Addresses why providers should ask about sexual orientation and gender identity, identifies the intersection of trauma, sexual orientation and gender identity, and provides goals for the screener.
LGBTQ Pride Month
June was first declared as LGBTQ Pride Month in 2000. Since then, June has been a time to acknowledge a positive stance against discrimination and violence toward lesbian, gay, bisexual, transgender, and queer /questioning (LGBTQ) people to promote their self-affirmation, dignity, equality rights, increase their visibility as a social group, build community, and celebrate sexual diversity and gender variance.
LGBTQ Pride Month is also a time to bring awareness to the experiences of the LGBTQ community. LGBTQ youth are routinely harassed because of their sexual orientation. In 2015, it was reported that out of 10,528 middle and high school students surveyed 85.2% LGBTQ students experienced verbal harassment at school in the past year because of their sexual orientation, 57.6% felt unsafe at school because of their sexual orientation and 31.8% skipped a day of school in the past month because of safety concerns.
The National Child Traumatic Stress Network (NCTSN) has compiled a list of helpful resources for parents and caregivers, children and teens, mental health providers, child welfare and juvenile justice professionals, healthcare providers, educators and school staff, and policy makers.
A list of external resources related to LGBTQ Pride Month is available here.
Is intended for use with children and youth ages 7-18 and their caregiver(s). The screener seeks to highlight common risk factors and the critical importance of screening for trauma exposure, post-traumatic stress disorder (PTSD), and post-traumatic stress symptoms.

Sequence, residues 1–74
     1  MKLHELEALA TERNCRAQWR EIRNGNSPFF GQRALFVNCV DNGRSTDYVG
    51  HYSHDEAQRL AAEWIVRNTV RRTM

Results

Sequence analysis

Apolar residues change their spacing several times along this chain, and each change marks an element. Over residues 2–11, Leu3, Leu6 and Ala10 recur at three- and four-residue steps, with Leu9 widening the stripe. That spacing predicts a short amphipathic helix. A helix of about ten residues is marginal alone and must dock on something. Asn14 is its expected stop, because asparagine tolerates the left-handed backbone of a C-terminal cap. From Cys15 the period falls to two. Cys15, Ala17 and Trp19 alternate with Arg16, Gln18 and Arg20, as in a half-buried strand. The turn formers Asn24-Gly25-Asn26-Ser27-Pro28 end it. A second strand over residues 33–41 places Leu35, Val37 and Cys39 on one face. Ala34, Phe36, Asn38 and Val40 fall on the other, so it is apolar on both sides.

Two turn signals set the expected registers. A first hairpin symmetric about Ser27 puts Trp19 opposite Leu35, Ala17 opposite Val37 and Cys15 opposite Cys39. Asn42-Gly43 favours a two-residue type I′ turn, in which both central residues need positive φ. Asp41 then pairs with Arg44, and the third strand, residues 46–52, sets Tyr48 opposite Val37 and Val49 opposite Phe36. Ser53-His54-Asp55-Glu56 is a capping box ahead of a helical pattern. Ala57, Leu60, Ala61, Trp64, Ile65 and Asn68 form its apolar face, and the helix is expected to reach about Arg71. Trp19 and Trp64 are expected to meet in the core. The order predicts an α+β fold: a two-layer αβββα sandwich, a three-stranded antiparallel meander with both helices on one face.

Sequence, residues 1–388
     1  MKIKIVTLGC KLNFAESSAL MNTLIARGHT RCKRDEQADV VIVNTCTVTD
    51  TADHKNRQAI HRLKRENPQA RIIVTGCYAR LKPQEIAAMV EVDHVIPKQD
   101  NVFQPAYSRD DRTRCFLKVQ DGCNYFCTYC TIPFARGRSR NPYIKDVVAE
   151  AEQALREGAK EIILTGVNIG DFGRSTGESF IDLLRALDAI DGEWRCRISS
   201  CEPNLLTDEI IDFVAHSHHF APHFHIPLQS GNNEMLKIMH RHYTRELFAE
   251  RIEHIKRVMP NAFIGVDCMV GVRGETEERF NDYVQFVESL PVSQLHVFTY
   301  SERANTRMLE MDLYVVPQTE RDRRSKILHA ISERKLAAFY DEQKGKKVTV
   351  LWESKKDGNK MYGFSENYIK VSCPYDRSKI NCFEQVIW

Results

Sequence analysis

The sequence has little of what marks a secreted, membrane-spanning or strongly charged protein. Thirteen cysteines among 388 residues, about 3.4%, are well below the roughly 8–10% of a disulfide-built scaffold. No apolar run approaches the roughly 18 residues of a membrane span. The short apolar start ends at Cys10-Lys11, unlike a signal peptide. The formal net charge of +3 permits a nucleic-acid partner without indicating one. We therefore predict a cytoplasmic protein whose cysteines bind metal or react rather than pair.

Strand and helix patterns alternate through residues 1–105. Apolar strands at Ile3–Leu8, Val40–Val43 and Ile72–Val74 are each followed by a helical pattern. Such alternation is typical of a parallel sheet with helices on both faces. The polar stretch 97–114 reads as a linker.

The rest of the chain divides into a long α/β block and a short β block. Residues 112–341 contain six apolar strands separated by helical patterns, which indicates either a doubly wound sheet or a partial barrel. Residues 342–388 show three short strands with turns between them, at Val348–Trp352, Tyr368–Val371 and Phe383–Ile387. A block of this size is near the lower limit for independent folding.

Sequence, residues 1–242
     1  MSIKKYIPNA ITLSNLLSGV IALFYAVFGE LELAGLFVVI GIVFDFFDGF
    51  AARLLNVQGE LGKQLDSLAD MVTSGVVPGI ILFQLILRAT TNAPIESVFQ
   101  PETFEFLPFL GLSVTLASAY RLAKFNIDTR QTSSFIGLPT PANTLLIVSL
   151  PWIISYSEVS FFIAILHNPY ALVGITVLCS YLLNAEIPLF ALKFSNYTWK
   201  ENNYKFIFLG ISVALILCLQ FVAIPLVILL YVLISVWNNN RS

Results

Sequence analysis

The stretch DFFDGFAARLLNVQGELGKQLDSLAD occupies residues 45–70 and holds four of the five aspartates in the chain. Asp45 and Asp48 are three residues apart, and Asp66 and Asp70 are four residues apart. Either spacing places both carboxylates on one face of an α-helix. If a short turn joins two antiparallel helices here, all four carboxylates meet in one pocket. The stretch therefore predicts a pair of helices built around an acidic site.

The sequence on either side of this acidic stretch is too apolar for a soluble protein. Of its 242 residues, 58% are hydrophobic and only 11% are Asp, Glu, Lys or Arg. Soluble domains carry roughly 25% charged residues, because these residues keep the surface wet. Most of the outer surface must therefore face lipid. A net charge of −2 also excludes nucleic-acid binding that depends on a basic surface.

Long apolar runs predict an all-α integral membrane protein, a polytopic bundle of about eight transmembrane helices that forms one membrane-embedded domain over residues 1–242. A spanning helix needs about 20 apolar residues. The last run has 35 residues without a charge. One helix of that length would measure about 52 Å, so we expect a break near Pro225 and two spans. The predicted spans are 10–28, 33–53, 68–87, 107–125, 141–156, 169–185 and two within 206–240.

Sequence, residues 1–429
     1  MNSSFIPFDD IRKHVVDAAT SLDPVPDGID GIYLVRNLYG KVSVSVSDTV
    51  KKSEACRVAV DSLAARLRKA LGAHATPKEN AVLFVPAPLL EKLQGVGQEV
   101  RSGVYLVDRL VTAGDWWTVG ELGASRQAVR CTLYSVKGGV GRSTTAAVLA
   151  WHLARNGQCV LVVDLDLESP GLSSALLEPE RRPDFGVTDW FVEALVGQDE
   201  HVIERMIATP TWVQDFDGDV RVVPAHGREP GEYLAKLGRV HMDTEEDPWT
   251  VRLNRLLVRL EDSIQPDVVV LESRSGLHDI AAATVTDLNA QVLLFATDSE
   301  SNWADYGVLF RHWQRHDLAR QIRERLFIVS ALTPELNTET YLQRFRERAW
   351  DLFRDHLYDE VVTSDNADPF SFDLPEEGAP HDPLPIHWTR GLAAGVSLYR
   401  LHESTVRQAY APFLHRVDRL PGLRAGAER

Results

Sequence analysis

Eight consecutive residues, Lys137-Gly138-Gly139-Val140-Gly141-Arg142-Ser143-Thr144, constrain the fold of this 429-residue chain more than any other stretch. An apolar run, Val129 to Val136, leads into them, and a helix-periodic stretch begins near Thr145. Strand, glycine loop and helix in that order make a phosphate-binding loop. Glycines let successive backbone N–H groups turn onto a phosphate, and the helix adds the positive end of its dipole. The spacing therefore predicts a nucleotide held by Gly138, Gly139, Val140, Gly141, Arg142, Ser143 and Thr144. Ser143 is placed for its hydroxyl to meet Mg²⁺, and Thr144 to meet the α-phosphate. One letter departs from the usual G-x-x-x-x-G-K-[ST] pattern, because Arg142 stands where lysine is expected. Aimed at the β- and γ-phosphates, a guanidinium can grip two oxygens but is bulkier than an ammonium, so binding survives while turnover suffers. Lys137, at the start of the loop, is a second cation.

Provides external resources related to LGBTQ Pride Month.
Outline techniques for engaging families in affirming treatment and care of their LGBTQ youth, including a review of techniques used within the Family Acceptance Project (FAP) with founder Caitlin Ryan.
Discusses how professionals can recognize qualities of a safe, affirming environment where staff can explore personal views and values, and articulate professional responsibilities.
Offers information to parents and caregiver on how to help military children and adolescents who identify as LGBTQ deal with the many challenges they face. This tip sheet describes common thoughts or situations LGBTQ youth may have and how parents and caregivers may help.
Features five LGBTQ youth who discuss their own trauma experiences related to their respective LGBTQ identities, how they strengthened their resilience, and how professionals helped them.
Provides a map for increasing trauma therapist's comfort, willingness, and knowledge to initiate and facilitate sexual health conversations that promote LGBTQ youth coming to know the positive potential for their sexual development and health.
Provides information to parents and caregivers about keeping children safe online. This fact sheet describes why sexting is not smart and how sexts can be used to hurt or bully.
Discusses the Safe Places, Safe Spaces video product.
Offers concrete strategies and recommendations for providers working with LGBTQ youth who have experienced trauma. This webinar series discusses how to increase access to services, create a safe environment for care, and work with families and schools.
Introduces the viewer to the needs of lesbian, gay, bisexual, transgender and questioning (LGBTQ) youth who have experienced trauma.